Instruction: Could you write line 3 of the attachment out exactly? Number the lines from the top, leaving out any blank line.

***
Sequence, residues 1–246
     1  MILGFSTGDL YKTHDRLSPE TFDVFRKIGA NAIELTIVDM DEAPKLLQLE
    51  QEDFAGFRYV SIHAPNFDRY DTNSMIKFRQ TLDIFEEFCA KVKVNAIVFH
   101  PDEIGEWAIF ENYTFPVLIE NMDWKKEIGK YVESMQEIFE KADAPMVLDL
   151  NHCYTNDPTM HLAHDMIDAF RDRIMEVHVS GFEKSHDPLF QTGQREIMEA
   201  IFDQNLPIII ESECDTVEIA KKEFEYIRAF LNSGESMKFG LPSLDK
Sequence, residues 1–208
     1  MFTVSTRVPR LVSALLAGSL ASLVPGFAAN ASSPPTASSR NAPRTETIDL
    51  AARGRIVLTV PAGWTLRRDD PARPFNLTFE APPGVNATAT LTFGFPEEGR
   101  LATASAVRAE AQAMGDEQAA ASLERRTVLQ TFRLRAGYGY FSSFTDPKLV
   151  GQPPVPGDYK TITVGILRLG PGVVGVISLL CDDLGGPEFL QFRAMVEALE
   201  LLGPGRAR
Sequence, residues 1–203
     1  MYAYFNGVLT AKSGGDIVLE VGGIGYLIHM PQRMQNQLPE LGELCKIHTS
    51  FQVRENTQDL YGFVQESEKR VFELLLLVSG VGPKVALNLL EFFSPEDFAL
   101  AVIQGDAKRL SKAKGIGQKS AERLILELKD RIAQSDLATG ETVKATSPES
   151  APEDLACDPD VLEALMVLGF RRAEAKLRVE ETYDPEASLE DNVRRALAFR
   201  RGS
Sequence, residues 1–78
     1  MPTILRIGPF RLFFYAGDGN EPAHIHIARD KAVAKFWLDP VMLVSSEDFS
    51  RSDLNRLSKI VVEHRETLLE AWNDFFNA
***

    51  QEDFAGFRYV SIHAPNFDRY DTNSMIKFRQ TLDIFEEFCA KVKVNAIVFH